07 July 2009

Moral Vegetarianism, Part 9 of 13

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The Argument from Animal Rights

A stronger argument is made by people who maintain that animals have rights. In particular, it has been argued that animals have a right to life. So, even if animals are killed painlessly and raised for food in humane ways, it is wrong to kill them. The question is, of course, whether animals do have a right to life.

The answer to this question turns on what is meant by having a right. The subject is a large and controversial one. On some very sophisticated analyses of rights it is at least debatable whether all animals have the right to live. For example, on Tooley’s analysis, having a right to life is the same as being a person. A necessary condition for being a person is having the capacity for desiring self-continuation, and for this it is necessary to have a concept of the self.

Now, although it is plausible that adult animals of some very intelligent species, e.g., dolphins and chimpanzees, have such a concept, it is not clear that adult animals of other species do and it is very likely that young infants of any species do not. It is also probable that very subnormal adult human beings do not. On this analysis of right, then, many animals and some human beings may well not have the right to life although most human beings and some animals do have such a right.

This would not necessarily mean that animals have no rights. Presumably most animals—even infants—would have the right not to suffer. As Tooley puts it, although “something that is incapable of possessing the concept of a self cannot desire that a self not suffer, it can desire that a given sensation not exist. The state desired—the absence of a particular sensation—can be described in purely phenomenalistic language and hence without the concept of a continuing self.” Given this view of rights, then, many animals probably have no right to life, but all of them have a right not to have pain inflicted on them. Consequently, the killing of some animals for food, if done painlessly, is not morally objectionable.

KBJ: Martin forgot about the human beings who lack a right to life, including infants. They, too, may be killed and eaten on the view under consideration, provided, of course, that they are killed painlessly. I say this not because I advocate such a thing, but to call the view into question. Any view or theory that has an unacceptable implication is unacceptable.

Some vegetarians have argued that it is impossible for one to maintain without absurdity that animals have a right not to suffer pain and yet have no right to life. For it is argued that since every animal will suffer at least once in its life, we have a duty to kill all animals painlessly to prevent this future suffering. To avoid this absurd consequence, it is said, we must admit that animals do have a right to life.

KBJ: I have never heard anyone make this argument. I have been reading animal-rights literature and discussing animal rights since the early 1980s.

I do not believe that this conclusion does follow, however. The absurd consequence would follow only if preventing animals from suffering was the only or at least the overriding factor to be considered. But this is surely dubious. After all, killing all animals would completely upset the ecological balance of nature; it would destroy some creatures of great aesthetic value; it would destroy certain food sources for future generations; and so on. Consequently, any future suffering that could be prevented by killing animals now would have to be weighed carefully against other factors. It is certainly not obvious that these other factors would not tip the scale and allow many animals to live. Thus, humane nonvegetarians may argue that it is enough to try to prevent suffering to living animals as best we can without killing them in advance to prevent their possible suffering.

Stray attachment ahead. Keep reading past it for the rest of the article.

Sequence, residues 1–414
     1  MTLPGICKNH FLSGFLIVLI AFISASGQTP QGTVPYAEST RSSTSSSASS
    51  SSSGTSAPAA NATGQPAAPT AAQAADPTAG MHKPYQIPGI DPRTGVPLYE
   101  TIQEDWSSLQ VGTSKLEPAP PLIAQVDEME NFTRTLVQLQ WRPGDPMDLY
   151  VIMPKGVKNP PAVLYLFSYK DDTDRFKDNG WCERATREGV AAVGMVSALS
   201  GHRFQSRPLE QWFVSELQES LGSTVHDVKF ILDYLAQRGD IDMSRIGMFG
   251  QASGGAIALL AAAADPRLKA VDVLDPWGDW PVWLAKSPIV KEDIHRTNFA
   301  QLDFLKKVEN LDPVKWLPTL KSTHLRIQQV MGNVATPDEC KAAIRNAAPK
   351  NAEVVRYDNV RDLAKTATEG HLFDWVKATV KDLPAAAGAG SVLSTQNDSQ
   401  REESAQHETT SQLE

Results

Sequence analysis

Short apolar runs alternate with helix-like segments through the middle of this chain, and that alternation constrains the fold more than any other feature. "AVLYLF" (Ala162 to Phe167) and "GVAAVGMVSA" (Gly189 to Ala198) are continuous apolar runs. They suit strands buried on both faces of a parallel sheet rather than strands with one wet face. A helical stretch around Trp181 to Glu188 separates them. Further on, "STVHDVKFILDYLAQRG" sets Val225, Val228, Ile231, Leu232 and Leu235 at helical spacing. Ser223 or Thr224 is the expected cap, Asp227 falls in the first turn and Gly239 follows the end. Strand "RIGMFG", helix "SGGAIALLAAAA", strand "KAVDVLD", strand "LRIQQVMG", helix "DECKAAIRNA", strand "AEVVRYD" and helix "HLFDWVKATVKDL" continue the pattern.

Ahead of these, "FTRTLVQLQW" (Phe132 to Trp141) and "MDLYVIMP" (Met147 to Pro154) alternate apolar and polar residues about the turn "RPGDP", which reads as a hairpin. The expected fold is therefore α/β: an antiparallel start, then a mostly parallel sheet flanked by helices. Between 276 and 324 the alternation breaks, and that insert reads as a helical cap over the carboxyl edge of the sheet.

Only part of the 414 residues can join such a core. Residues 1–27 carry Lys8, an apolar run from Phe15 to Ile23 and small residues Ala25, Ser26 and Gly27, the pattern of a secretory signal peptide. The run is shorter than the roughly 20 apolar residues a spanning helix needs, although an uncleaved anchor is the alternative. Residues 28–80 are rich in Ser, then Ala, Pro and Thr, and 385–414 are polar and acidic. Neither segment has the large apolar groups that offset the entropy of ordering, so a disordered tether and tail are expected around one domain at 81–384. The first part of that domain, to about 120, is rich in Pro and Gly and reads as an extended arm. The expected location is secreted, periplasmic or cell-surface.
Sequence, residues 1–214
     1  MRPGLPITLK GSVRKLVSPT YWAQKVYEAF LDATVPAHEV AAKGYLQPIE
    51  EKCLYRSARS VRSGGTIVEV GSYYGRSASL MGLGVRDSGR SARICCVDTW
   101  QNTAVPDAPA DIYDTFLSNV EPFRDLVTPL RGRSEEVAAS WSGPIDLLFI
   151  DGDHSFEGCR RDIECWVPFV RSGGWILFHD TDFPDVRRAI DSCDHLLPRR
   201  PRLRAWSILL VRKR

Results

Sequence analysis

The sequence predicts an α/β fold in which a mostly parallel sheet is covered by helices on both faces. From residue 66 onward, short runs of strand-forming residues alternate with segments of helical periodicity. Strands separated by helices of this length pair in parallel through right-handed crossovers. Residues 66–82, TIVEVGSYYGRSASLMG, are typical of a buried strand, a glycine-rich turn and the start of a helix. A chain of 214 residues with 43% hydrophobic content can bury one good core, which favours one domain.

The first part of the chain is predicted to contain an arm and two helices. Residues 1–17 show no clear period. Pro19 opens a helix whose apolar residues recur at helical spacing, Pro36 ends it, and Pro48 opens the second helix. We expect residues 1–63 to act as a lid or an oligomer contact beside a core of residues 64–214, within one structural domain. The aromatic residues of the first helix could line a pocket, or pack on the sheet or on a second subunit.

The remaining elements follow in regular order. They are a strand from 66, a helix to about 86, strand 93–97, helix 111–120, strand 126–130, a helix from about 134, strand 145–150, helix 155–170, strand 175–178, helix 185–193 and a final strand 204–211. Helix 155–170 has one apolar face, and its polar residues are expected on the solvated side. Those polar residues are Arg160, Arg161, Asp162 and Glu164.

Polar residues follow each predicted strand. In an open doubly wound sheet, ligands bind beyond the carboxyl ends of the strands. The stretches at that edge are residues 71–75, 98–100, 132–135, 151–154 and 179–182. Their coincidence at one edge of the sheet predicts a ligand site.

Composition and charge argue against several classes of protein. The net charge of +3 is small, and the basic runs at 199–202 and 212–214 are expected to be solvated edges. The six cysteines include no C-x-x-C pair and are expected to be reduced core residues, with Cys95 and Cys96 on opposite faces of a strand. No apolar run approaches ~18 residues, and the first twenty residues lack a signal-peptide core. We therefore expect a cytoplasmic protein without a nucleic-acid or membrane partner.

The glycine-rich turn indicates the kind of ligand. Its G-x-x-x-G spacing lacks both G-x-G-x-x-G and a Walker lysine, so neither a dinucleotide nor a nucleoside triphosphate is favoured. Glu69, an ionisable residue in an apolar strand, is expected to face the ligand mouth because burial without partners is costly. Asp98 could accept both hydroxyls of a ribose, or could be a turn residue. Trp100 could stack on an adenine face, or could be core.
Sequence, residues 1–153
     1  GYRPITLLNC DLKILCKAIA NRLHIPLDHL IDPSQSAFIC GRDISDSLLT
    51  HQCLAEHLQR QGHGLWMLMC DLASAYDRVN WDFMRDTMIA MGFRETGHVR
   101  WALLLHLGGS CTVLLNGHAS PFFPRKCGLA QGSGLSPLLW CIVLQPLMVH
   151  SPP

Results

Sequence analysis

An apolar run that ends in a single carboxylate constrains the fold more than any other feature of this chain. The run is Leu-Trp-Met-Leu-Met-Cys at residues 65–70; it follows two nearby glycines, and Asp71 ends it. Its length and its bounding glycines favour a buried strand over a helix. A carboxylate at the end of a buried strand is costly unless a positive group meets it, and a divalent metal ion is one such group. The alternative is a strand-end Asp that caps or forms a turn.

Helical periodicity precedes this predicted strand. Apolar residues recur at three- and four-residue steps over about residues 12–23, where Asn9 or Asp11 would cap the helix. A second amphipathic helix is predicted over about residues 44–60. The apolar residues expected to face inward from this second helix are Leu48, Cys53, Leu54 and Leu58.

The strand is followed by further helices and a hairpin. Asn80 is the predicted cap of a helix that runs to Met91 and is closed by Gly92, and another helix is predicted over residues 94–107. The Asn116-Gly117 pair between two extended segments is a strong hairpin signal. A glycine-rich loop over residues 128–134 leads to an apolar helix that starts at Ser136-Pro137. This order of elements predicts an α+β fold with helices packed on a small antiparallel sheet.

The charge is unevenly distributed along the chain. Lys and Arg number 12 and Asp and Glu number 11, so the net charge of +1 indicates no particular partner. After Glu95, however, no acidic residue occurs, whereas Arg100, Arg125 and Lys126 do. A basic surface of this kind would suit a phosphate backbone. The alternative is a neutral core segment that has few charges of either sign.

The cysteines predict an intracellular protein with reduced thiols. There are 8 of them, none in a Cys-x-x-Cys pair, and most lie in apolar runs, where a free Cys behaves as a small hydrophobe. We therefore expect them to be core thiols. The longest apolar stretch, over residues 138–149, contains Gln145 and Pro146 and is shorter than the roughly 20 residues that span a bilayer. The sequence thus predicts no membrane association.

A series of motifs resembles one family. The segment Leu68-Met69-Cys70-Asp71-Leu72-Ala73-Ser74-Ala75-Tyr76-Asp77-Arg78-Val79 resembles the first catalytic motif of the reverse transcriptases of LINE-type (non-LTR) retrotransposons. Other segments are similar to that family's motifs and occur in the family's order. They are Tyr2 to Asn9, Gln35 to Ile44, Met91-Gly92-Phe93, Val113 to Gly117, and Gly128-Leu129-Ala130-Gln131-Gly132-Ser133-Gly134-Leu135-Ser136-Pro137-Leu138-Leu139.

Some philosophers have disagreed with Tooley’s analysis of person, and consequently with his analysis of right, and have given alternative analyses. But far from supporting moral vegetarianism, these alternative analyses seem to make moral vegetarianism even more difficult to support in terms of animal rights. S. I. Benn, in a critique of Tooley, has argued that a person is a moral agent, a being having “the conceptual capabilities of considering whether to insist or not on his rights, of manipulating, too, the ‘pulls’ it gives him on the actions of others, capable, in short of having projects and enterprises of his own.” According to Benn, only moral agents have rights. It is clear that few animals, if any, are moral agents in this sense. Consequently, on Benn’s analysis, few if any animals have rights of any sort. Benn argues, however, that just because a being does not have rights it does not mean that it is morally permissible to treat it cruelly. In fact, he maintains that some actions are seriously wrong for reaons [sic] other than that they violate rights. The question remains whether it is seriously wrong to kill animals for food. Clearly, given Benn’s analysis, in order to establish that it is wrong to eat animals for food, another sort of argument is needed, an argument that is not based on an appeal to animal rights. An argument of this type is in fact implicit in Benn’s position, and I will consider it presently.

KBJ: There are two types of rights: autonomy rights, which protect autonomy, and welfare rights, which protect interests. Only moral agents have autonomy rights. If no animals are moral agents, as seems plausible, then no animals have autonomy rights. But this says nothing about whether animals have welfare rights. Since (most) animals are sentient, (most) animals have at least one important interest, namely, the interest in not suffering. This interest can serve as the basis of a welfare right. There is, in short, no logical barrier to animals having rights.